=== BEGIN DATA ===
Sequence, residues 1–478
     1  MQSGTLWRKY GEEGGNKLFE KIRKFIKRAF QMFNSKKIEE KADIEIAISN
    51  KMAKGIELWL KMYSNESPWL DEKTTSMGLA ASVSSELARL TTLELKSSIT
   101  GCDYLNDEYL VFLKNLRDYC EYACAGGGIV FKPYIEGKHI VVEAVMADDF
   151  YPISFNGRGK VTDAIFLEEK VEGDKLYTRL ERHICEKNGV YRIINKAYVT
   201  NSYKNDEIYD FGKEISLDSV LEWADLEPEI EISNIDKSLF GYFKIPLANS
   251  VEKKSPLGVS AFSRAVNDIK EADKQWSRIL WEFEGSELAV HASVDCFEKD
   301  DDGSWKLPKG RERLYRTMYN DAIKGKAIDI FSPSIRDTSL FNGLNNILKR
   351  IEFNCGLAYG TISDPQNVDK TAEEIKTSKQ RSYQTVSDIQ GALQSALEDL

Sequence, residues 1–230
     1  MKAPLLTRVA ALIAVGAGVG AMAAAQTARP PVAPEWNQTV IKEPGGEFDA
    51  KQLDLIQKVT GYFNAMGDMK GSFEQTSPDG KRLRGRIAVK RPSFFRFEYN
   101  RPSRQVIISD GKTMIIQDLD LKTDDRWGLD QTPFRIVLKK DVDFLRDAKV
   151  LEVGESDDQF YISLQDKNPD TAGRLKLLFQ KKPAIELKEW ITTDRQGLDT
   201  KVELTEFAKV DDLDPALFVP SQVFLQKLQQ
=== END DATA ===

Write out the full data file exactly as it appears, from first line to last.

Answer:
Sequence, residues 1–478
     1  MQSGTLWRKY GEEGGNKLFE KIRKFIKRAF QMFNSKKIEE KADIEIAISN
    51  KMAKGIELWL KMYSNESPWL DEKTTSMGLA ASVSSELARL TTLELKSSIT
   101  GCDYLNDEYL VFLKNLRDYC EYACAGGGIV FKPYIEGKHI VVEAVMADDF
   151  YPISFNGRGK VTDAIFLEEK VEGDKLYTRL ERHICEKNGV YRIINKAYVT
   201  NSYKNDEIYD FGKEISLDSV LEWADLEPEI EISNIDKSLF GYFKIPLANS
   251  VEKKSPLGVS AFSRAVNDIK EADKQWSRIL WEFEGSELAV HASVDCFEKD
   301  DDGSWKLPKG RERLYRTMYN DAIKGKAIDI FSPSIRDTSL FNGLNNILKR
   351  IEFNCGLAYG TISDPQNVDK TAEEIKTSKQ RSYQTVSDIQ GALQSALEDL

Sequence, residues 1–230
     1  MKAPLLTRVA ALIAVGAGVG AMAAAQTARP PVAPEWNQTV IKEPGGEFDA
    51  KQLDLIQKVT GYFNAMGDMK GSFEQTSPDG KRLRGRIAVK RPSFFRFEYN
   101  RPSRQVIISD GKTMIIQDLD LKTDDRWGLD QTPFRIVLKK DVDFLRDAKV
   151  LEVGESDDQF YISLQDKNPD TAGRLKLLFQ KKPAIELKEW ITTDRQGLDT
   201  KVELTEFAKV DDLDPALFVP SQVFLQKLQQ